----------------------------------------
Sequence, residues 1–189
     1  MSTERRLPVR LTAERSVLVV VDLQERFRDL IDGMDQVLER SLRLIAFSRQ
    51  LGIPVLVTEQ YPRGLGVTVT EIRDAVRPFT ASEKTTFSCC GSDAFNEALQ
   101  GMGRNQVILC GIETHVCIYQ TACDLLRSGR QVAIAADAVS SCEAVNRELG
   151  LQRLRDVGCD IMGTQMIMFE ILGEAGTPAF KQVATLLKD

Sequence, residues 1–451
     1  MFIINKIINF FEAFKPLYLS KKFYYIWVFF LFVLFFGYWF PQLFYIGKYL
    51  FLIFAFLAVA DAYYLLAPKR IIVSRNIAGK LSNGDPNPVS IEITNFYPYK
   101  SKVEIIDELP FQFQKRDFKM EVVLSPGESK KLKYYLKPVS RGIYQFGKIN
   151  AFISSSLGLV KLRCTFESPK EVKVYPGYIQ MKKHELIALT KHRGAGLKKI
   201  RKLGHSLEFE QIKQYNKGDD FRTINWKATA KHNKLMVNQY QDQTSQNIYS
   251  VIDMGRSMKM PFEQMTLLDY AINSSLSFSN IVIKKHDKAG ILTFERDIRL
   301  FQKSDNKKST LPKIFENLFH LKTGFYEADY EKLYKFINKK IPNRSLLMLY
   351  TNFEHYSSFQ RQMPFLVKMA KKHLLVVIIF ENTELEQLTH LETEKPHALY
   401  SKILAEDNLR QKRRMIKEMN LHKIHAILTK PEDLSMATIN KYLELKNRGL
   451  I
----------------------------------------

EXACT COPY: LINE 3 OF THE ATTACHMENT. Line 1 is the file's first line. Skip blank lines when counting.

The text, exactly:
    51  LGIPVLVTEQ YPRGLGVTVT EIRDAVRPFT ASEKTTFSCC GSDAFNEALQ